Citing the much-discussed Russian invitation of Kim Jong-un to Moscow for this year's Victory Day celebrations in May, Ding noted that the North Korean press has been very active recently in playing up the warming of relations between Moscow and Pyongyang. The expert added that press statements about Kim's successes in the international arena, together with growing recollections of his grandfather Kim Il Sung's visit to Moscow and the countries of the Eastern Bloc in the 1980s, are signs that the leader is planning to go through with the planned visit.
The expert noted that the improvement of relations with Russia have been Pyongyang's only major foreign policy success in a large-scale, multi-vector diplomatic initiative launched last year aimed at improving relations with the outside world following the cooling of relations with China. Ding states that amid the crisis in Ukraine, for which Russia has been blamed by Western nations, Russia too has shown a growing interest toward improving relations with North Korea.
Ding believes that last year's November visit to Moscow by senior North Korean politician Choe Ryong-hae "signified the beginning of the 'honeymoon'" in relations between Russia and the DPRK. He notes that following this visit, Russia invited Kim Jong-un to the Victory Day celebrations, and talks on economic and security cooperation have deepened and intensified.
Ding is not incorrect in his estimations. In January, North Korean officials held economic talks with their Russian counterparts on expanding economic cooperation. Rumors have circulated about possible multibillion dollar projects aimed at rebuilding and revitalizing North Korea's electricity transmission infrastructure, modeled on the large-scale railway infrastructure modernization projects being carried out with Russia's help since 2008. North Korean officials have also shown interest in purchasing excess electricity from the regions of Russia's Far East. It was reported last month that Russia's RAO Energy System East has plans to supply energy to North Korea beginning as early as next year.
Moreover, Russia has also showed signs of interest in hiring North Korean workers for its ambitious economic development projects in the Russian Far East, and in the purchase of North Korean rare earth minerals in exchange for assistance on North Korea's infrastructure development projects. Last year officials even discussed the possibility of establishing a visa-free regime between the two countries.
In the area of potential military cooperation, much was made last month of Russian Armed Forces Chief of Staff Valery Gerasimov's comments that the Russian military had entered into preliminary negotiations on the potential for joint military exercises with countries including North Korea, Cuba, Vietnam and Brazil.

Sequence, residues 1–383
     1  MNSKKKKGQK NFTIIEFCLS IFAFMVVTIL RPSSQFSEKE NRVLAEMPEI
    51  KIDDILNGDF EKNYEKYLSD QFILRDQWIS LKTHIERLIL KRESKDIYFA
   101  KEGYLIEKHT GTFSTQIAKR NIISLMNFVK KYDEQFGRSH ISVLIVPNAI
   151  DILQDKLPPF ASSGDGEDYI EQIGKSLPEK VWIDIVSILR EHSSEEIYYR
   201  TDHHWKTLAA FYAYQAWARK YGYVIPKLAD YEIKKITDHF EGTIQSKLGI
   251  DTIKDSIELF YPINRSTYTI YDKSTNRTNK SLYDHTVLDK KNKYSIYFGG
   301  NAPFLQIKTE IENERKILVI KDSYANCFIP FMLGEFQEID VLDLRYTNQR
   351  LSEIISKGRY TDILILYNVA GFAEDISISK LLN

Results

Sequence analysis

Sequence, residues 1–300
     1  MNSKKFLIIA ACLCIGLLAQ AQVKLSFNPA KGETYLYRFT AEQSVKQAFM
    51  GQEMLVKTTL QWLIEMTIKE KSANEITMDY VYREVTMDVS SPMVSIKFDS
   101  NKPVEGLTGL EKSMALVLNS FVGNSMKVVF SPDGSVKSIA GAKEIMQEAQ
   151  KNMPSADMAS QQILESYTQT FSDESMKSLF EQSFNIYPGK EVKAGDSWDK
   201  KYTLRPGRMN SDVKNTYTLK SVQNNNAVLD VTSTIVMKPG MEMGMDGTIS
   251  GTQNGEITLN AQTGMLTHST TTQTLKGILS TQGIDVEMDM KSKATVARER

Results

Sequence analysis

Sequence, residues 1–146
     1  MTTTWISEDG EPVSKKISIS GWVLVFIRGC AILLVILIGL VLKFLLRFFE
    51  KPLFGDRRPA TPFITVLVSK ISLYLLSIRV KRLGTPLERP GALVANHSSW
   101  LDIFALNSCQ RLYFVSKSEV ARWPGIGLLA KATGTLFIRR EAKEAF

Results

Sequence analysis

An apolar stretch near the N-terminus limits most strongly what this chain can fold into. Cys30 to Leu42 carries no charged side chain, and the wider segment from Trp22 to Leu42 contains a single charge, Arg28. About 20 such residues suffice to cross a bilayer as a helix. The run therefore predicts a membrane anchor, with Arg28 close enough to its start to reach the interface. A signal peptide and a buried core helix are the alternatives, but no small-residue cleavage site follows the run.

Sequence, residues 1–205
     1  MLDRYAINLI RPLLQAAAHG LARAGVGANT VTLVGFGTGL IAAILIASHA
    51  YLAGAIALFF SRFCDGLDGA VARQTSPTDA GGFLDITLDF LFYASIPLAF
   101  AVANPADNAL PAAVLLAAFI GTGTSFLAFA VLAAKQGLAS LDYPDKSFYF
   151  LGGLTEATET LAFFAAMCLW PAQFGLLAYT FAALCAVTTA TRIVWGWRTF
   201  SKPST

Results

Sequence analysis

Citing improved relations between Russia and the DPRK on the diplomatic, economic and military fronts, Ding argued that "Russia's influence in this situation is already too high," and, given that relations are only improving further, "questions arise about whether China-DPRK relations can return to the levels they were at previously, and whether Beijing will be able to strengthen its geopolitical influence over North Korea."
Russian-Korean-Chinese Diplomacy Is Not a Zero Sum Game
Despite the expert's ominous warnings, Russian officials and experts do not believe that improved relations with North Korea will in any way hinder the DPRK's historically close ties with China or in any way threaten stability in the region. Last year, following meetings with his North Korean counterparts, Alexander Galushka, Minister for Development of the Far East, noted that Russian-North Korean economic and trade cooperation depends to a great extent on political and military stability in the Korean Peninsula, adding that increased economic and trade cooperation with the DPRK would itself provide for the strengthening of such stability.
Dismissing the idea that there is anything extraordinary about the North Korean leader's presence in Moscow for Victory Day, Russian media have noted that Kim is to be one of more than two dozen world leaders set to attend the celebrations, with Russia having invited dozens more leaders, including South Korean President Park Geun-hye. While it is believed that Park will not attend due to pressure from Washington, Russia has long held the view that Koreans' documented history of heroic partisan resistance to Japanese militarism during the war entitled them participate in the victory celebrations. Moreover, Chinese President Xi Jinping himself is also set to be present, and the Chinese Foreign Ministry showed nothing but approval earlier this year for Kim's possible visit to Moscow, stating that "such engagement between the two countries is conducive to regional peace and stability."
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